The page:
I received an ARC of The Rosetta Man by Claire McCague from LibraryThing as a First-read, and it certainly lived up to my expectations from the description!
“What makes The Rosetta Man stand-out? An unusually dense squirrel population for sci-fi. It’s light-hearted, accessible sci-fi with exotic present day settings and a pair of aliens who are focused on observing the revealing chaos their visit creates.” – Claire McCague
Wanted: Translator for first contact. Immediate opening. Danger pay allowance
Estlin Hume lives in Twin Butte, Alberta surrounded by a horde of affectionate squirrels. His involuntary squirrel-attracting talent leaves him evicted, expelled, fired and near penniless until two aliens arrive and adopt him as their translator. Yanked around the world at the center of the first contact crisis, Estlin finds his new employers incomprehensible. As he faces the ultimate language barrier, unsympathetic military forces converging in the South Pacific keep threatening to shoot the messenger. The question on everyone’s mind is why are the aliens here? But Estlin’s starting to think we’ll happily blow ourselves up in the process of finding that out.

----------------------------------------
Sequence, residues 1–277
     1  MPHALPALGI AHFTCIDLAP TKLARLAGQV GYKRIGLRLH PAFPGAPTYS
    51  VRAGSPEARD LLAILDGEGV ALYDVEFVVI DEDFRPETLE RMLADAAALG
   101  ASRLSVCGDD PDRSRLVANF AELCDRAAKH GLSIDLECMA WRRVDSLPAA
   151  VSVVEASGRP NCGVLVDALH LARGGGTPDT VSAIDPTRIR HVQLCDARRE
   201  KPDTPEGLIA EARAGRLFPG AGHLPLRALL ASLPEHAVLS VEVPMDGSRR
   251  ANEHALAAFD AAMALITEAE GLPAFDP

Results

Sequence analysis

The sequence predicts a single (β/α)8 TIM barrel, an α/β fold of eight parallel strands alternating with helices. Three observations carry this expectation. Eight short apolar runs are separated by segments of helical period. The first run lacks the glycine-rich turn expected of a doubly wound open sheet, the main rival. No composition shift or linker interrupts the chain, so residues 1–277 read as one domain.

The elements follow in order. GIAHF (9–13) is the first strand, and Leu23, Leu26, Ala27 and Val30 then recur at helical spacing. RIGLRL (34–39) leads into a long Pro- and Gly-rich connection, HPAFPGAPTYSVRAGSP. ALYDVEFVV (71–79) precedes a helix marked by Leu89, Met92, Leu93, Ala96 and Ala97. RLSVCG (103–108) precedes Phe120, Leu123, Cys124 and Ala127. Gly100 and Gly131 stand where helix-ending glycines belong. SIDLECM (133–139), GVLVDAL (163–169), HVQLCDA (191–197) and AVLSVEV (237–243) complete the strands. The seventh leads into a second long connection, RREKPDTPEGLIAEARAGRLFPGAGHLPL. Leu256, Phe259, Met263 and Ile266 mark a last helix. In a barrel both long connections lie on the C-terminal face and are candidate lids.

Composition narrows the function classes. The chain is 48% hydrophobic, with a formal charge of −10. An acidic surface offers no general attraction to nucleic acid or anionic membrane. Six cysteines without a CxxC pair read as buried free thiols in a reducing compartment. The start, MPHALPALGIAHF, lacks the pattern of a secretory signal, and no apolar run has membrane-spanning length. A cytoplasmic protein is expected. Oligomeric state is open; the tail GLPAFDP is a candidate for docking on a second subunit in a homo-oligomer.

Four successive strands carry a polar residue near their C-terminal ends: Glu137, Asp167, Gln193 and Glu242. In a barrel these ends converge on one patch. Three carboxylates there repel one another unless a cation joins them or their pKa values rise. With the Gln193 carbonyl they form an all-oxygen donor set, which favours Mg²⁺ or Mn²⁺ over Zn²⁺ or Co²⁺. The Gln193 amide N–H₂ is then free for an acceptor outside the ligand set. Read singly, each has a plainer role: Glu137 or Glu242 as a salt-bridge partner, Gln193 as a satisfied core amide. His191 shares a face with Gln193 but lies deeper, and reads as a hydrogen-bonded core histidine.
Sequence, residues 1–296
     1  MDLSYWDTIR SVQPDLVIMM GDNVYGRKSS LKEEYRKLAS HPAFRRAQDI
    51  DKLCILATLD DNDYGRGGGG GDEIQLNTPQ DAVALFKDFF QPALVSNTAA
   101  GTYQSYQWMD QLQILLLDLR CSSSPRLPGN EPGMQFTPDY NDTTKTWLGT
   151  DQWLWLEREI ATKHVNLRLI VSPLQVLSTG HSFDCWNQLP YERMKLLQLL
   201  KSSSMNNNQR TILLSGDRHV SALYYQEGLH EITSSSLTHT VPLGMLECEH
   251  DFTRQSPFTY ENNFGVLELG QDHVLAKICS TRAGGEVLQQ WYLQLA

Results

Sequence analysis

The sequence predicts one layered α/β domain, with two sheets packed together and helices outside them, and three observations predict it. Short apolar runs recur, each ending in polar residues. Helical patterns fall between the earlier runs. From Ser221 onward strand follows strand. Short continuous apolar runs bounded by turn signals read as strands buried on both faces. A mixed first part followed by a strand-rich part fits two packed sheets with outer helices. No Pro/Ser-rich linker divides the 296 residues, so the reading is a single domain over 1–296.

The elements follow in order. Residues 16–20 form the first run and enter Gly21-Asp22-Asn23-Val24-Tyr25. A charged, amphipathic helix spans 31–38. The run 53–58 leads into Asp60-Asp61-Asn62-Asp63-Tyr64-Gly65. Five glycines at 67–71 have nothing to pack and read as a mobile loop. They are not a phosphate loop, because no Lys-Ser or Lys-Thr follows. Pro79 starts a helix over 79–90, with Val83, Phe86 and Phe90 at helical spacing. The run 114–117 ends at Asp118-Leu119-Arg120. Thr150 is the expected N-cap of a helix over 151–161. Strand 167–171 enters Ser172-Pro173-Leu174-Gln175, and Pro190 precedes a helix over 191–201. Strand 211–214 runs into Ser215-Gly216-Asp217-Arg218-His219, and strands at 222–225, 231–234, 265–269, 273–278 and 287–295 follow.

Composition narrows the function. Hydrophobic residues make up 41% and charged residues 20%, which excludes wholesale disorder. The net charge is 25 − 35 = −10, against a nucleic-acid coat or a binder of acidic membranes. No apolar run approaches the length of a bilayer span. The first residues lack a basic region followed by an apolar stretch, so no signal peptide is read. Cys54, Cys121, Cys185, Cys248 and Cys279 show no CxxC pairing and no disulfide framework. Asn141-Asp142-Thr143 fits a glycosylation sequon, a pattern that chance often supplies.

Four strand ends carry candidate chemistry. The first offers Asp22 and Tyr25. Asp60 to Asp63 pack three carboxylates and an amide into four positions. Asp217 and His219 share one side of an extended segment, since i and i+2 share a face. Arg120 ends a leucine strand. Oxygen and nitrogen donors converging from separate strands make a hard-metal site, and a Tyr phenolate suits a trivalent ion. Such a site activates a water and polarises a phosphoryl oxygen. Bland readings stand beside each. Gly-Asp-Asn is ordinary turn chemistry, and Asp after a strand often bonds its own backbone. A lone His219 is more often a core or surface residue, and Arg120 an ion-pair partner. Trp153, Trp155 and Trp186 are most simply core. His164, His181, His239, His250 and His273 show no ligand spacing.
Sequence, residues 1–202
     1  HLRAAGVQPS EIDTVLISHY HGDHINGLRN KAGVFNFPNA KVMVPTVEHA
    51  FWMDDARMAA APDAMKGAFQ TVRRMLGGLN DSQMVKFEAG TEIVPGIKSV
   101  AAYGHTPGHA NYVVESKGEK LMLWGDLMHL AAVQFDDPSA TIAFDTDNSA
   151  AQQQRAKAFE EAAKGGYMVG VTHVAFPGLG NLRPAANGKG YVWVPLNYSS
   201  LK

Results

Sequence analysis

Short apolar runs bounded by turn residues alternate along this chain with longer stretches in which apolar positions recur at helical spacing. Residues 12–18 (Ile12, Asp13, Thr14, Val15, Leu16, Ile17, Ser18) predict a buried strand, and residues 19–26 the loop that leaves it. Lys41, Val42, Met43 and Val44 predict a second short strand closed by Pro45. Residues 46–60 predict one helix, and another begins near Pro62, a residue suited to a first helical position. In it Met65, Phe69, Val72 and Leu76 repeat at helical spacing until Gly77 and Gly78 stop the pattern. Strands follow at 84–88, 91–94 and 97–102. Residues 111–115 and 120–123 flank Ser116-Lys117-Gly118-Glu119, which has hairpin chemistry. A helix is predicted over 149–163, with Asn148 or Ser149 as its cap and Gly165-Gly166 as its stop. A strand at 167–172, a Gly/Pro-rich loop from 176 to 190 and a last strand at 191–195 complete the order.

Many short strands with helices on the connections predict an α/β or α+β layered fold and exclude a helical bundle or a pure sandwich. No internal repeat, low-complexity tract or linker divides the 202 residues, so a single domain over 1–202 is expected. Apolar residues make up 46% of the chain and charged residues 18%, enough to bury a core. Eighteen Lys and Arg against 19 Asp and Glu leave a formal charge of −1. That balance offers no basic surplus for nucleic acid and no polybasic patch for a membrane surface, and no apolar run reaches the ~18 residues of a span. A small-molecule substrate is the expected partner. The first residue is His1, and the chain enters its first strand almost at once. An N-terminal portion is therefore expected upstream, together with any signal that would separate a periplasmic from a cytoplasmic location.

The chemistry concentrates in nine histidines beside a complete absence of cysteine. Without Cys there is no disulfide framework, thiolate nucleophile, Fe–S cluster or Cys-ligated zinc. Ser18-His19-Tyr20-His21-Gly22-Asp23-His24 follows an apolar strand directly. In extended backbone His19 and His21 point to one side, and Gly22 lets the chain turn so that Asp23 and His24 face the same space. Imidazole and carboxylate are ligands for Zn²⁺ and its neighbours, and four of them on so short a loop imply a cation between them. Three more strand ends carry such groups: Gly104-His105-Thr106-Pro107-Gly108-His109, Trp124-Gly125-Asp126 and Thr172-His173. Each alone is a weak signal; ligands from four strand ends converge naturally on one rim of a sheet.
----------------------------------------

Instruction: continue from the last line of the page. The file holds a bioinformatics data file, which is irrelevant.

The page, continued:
I’m not so sure of the light-hearted element of Ms McCague’s summary, but maybe I took it too seriously.
A man who has a serious problem with human relationships, but who squirrels describe as ‘shiny’, is ordered by an ex-colleague to take the transport he’s ordered for him and come down to New Zealand for a big job – with a paypacket he can’t refuse. In drops a harrier jump jet with an attractive British pilot, he gets a cool ride to a US transport, and ends up in a film set in Wellington, where most of the world’s navies are assembling – thanks to some odd goings-on that caused a satellite black-out a few days ago – and Greenpeace, whose attention to the nuclear element of said navies is acute.
An ex-colleague of mine has just been made joint International Executive Director of Greenpeace, and I’d like to wish her (well, both of them) good fortune in all the things we value.
Back to the book: this is a fast paced story with many strands and lots of characters, which as you know I sometimes have difficulty with. The central part of the story is so intriguing, so well written, and so vivid, that I forgave myself when I got lost with the complexities and just carried on regardless. I suspect a re-reading would be beneficial and I’d enjoy it even more. Most of my confusions are down to being unfamiliar with the pet names for various types of military hardware, and I was more at home with the vagaries of the swarms of animals that helped track Estlin (our hero) across the Pacific. I mean, can you imagine it – message from the coastguard: I don’t know what’s going on, but we’ve got ten thousand rabbits crowding the cliffs looking out to sea. Add bats, cuttlefish and Russian squirrels with tracking devices… Yes, I suppose light-hearted does come into it, but it’s hell for Estlin.